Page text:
In a significant breakthrough, the Drug Regulatory Authority of Pakistan (DRAP) has approved the clinical trial of a potential COVID-19 vaccine in the country.
The Clinical Studies Committee of DRAP has okayed the trails to be conducted in Indus Hospital, Karachi. The International Centre for Chemical and Biological Sciences, Karachi, will conduct the test in collaboration with a Chinese company that is already conducting trials in China.
As many as 200 volunteers, representing various ethnic groups have registered for the trial, which will complete in two months. During the time, volunteers – both male and female – will be administered with three injections of inactivated virus.
The volunteers will be closely monitored and a monthly report will be prepared on how their bodies react to the virus and the vaccine.
Speaking on the development, a DRAP official said that it was a significant development. A successful trial will mean that the vaccine will become available to people sooner.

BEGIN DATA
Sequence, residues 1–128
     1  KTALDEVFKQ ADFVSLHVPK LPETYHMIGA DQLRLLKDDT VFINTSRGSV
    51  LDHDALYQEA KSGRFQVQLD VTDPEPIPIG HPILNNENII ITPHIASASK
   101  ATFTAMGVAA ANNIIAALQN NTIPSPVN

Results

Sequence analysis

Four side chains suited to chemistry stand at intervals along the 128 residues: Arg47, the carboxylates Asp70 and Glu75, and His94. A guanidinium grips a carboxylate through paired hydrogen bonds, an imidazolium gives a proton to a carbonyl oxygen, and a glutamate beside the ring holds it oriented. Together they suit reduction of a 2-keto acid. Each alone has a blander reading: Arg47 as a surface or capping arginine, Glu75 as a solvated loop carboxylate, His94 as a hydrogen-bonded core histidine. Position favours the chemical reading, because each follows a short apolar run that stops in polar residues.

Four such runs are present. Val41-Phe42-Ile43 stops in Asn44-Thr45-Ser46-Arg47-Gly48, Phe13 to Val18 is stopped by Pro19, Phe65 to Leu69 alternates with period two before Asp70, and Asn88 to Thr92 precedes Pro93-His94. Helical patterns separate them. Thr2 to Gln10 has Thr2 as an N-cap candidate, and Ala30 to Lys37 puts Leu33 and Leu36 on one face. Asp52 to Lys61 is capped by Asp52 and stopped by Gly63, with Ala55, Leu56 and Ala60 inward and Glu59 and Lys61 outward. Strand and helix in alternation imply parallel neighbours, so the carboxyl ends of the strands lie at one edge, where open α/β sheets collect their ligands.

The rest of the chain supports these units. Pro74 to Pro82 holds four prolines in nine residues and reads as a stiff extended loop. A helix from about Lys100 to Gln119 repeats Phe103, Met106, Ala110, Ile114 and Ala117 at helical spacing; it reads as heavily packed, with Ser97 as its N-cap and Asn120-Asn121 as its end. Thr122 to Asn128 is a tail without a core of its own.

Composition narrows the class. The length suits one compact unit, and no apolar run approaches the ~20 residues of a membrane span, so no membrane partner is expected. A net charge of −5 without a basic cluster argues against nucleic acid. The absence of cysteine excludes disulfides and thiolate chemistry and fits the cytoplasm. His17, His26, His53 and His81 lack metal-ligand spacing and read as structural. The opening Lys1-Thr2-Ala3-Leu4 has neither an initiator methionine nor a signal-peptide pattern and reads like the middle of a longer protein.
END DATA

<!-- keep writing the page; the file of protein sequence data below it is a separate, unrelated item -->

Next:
Though vaccines are being prepared in different countries, we cannot surely say whether we will get them as there will be high demand for the vaccines across the globe. If this trial is successful, the vaccine will be easily available to us at affordable rates.
Minister for Planning, Asad Umar, the head of the National Coordination and Operation Centre on COVID-19, was also hopeful for trials on the vaccine to be successful.
It is one of the potential vaccines which can become successful.
Though Pakistan was unable to participate in the phase-III trials held in different countries, an opportunity has finally arrived wherein volunteers can participate in the tests, he said.
On March 24, a government task force on COVID-19 headed by Professor Dr. Atta ur Rehman was set up to help control the virus. The University of Health Sciences Vice-Chancellor Prof Dr. Javed Akram, Dr. Ghazna Khalid, Prof Al Fareed Zafar, Prof Iqbal Chaudhry, Prof Dr. Khalid Khan, and Prof Mariam Riaz Tarar are other members of the task force.
Speaking on the condition of anonymity, one of the committee members said that the trials will begin from the next week.
We have selected volunteers from various ethnic groups to analyze their results. I believe Karachi is the most appropriate city as people from all backgrounds are settled there.
He said that inactivated virus would be injected in each volunteer on the first, 28th, and the 56th day, after which they would be tested for antibodies. Each participant will be paid Rs. 50,000. After completion of the trial in Karachi, they will move to other cities of the country.